Shooting underwater photos is a great hobby, but it requires special care with your camera and underwater housing. You don't want to make a mistake in preparation that causes a housing to fail, ruining your expensive camera. Use these tips to help you prepare for your underwater photography trip, both before and during the shoot.
- Maintaining the O-rings in your underwater photography housing is the key to keeping your equipment in proper working condition. Before going on a shoot, take plenty of time to inspect the O-rings. Look for any cracks that could allow a leak. If you are unsure whether a particular O-ring is in useable shape, it's probably best to just replace it ... better safe than sorry.
- Make sure the O-rings in your underwater housing are properly lubricated, which will create the elasticity required to make proper seals. Take care to not lubricate the O-rings too much, as such an issue will attract dust to the O-rings. The O-rings should look moist and shiny after you lubricate them.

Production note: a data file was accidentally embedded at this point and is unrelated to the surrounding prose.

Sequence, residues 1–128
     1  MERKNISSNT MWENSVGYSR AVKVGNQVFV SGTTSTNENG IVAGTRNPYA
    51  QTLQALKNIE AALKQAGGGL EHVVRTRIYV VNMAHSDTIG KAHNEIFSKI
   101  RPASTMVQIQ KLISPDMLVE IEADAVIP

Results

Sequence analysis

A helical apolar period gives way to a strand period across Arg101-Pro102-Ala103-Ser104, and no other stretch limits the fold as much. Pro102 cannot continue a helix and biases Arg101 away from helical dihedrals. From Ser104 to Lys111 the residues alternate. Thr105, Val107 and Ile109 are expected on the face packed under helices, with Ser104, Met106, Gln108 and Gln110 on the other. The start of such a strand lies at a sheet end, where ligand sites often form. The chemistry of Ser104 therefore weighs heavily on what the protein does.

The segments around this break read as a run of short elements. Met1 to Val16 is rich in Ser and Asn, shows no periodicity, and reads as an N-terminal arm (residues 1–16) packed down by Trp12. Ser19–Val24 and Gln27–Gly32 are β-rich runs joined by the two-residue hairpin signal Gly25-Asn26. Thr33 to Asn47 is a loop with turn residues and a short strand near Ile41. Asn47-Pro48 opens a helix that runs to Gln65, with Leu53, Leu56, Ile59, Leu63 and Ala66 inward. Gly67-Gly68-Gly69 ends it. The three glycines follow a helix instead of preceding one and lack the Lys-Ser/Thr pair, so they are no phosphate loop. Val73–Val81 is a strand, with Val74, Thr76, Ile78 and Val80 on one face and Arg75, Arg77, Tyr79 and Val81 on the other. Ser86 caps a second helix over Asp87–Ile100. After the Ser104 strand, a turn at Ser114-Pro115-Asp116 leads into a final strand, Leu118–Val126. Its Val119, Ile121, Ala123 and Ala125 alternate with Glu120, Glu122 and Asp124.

- Make sure your lights and batteries are in working order and are at full power before diving into the water. You don't want a power problem to short-circuit your underwater photography options.
- If you must enter the water by jumping, ask someone else to hand you the camera after you jump into the water. Jumping into the water with your camera could jar it unnecessarily, potentially causing damage.
- As soon as you enter the water, run the camera through a quick test to make sure it's working. There's no sense in spending 30 minutes looking for the perfect shot, only to find that the camera isn't working or the flash won't fire. Test the camera immediately.
- Attach a floating strap to the camera, which will carry the unit to the surface in case you lose your grip on the camera while shooting underwater.
- Make sure you do not exceed the water depth limit for your camera and underwater housing unit. Exceeding the rated depth will void any warranty, and most cameras or housings contain a built-in manometer to measure water depth.
- Finally, if you notice air bubbles of any size coming from the underwater housing unit, that's a sign that you have a leak someplace. Immediately remove the camera and housing from the water.